In March 2020, in a 60 Minutes interview, one of the Fed Governors, Neel Kashkari, said that “there is an infinite amount of cash at the Federal Reserve”. As already noted, this somewhat fantastical claim is born of the fact that the central bank is the sole entity that can “create money digitally” to express its electronic ledger.

This means that the central bank can be insolvent and have negative equity. The Fed’s balance sheet read $44.2 billion in unrealized losses at the end of March. However, when commercial banks go into negative territory, they are at risk of collapse, as happened with Silicon Valley Bank.

In March, commercial banks held over $700 billion in unrealized gains (losses). Image credit: FDIC

With FedNow in play, potential stress in the banking system can be relieved. When connected to FedNow, all financial institutions can settle payments instantly, 24/7,  removing the long-standing payment legacy of having to wait 3-4 business days. More importantly, FedNow network participants can access cleared funds on the same payment day for commercial banks.

Previously, there was a considerable gap between made payments and those payments become available. FedNow’s intraday access to funds would provide commercial banks with a superior and more stable liquidity management system. 

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FedNow: No Need for Retail CBDCs?

If financial institutions connect to the Federal Reserve via FedNow, all the lower-tier economic participants also connect to it. For instance, a business would use FedNow automatically via its commercial bank/credit union. In turn, a customer interacting with the business would also use FedNow.

If the FedNow rules are tweaked down the line, it would be the role of commercial banks to trickle them down to customers.

This is made possible by ISO20022, a new financial standard for relaying electronic data between financial institutions, regardless of country and language. Given that the USD enjoys the status of global reserve currency (GRC), this also means that FedNow is poised to become a new clearing house for most of the world’s transactions.

Could FedNow Endanger Cryptocurrencies?

In the blockchain space, two key factors determine a network’s performance – transaction settlement time and settlement cost. FedNow charges $0.045 per transaction for payments up to $100,000. Moreover, financial institutions must only pay a $25 monthly access fee.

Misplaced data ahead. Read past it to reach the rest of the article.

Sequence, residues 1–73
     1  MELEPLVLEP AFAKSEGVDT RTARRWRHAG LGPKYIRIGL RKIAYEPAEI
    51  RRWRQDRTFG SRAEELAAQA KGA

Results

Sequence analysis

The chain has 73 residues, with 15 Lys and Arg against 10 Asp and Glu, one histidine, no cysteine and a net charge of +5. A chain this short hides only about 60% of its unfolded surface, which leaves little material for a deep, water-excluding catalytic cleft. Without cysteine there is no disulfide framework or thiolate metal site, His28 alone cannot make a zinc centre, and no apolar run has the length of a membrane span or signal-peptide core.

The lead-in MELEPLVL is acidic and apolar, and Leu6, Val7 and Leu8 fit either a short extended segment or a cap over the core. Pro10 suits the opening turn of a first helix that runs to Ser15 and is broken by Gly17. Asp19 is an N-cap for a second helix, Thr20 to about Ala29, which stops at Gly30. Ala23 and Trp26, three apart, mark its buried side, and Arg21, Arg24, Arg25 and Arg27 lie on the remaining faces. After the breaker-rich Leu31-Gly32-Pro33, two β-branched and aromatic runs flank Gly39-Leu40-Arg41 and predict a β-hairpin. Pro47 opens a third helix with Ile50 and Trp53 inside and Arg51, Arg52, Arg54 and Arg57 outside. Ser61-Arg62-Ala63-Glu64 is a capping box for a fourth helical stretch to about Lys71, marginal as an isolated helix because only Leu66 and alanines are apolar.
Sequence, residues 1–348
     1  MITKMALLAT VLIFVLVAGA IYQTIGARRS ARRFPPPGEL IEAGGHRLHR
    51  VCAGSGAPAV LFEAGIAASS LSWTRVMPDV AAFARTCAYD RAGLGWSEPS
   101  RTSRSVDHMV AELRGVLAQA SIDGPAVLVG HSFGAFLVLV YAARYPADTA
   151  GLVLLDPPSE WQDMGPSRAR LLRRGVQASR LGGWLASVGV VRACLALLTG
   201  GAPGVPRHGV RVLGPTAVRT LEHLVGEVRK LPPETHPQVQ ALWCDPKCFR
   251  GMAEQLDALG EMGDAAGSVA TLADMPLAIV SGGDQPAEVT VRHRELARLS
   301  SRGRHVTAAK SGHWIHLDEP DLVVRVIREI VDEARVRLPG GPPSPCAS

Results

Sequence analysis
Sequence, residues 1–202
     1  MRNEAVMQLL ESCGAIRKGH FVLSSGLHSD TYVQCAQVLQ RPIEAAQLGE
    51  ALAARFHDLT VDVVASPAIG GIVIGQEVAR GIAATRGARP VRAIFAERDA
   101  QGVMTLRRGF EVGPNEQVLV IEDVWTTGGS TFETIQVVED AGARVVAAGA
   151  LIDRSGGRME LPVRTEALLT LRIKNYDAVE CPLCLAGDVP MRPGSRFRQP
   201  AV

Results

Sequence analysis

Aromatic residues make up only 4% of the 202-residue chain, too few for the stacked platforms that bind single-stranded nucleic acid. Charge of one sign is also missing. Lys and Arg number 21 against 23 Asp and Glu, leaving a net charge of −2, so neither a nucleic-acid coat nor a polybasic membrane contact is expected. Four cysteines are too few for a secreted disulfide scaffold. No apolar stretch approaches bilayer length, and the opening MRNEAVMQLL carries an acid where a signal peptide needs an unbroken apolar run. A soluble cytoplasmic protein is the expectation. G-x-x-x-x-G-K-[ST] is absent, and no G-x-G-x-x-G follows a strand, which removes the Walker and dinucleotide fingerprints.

This is drastically cheaper than running any blockchain node. 

In addition to instant settlements, this makes FedNow the most cost-efficient payment network in the world. For comparison, although Binance Smart Chain (BSC) has a near-instant performance of 3 seconds, its average network fee is 4x more expensive than FedNow’s, at $0.189

The blockchain trilemma is not in effect because FedNow doesn’t have to worry about decentralization. FedNow can be scalable and secure, likely more than any other existing or future public blockchain network.

With that said, Bitcoin’s Lightning Network is equal to FedNow’s performance, both in terms of ultra-low fees and speed. Most importantly, if the Fed decides to dilute the value of USD through its monetary policies, Bitcoin would be a viable hedge against such USD debasement.

In this context, FedNow may only speed up the process of fiat-to-crypto inflows, making it more convenient. However, if the condition of using FedNow is for banks to de-platform crypto businesses via Operation Chokepoint 2.0, the decentralized blockchain space may find itself in a liquidity bind. It may also happen that banks would have to conform to other conditions when using FedNow, placing integrated FedNow banks into an advantageous position.

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Do you think FedNow will eventually supplant physical banknotes as card payments dominate? Let us know in the comments below.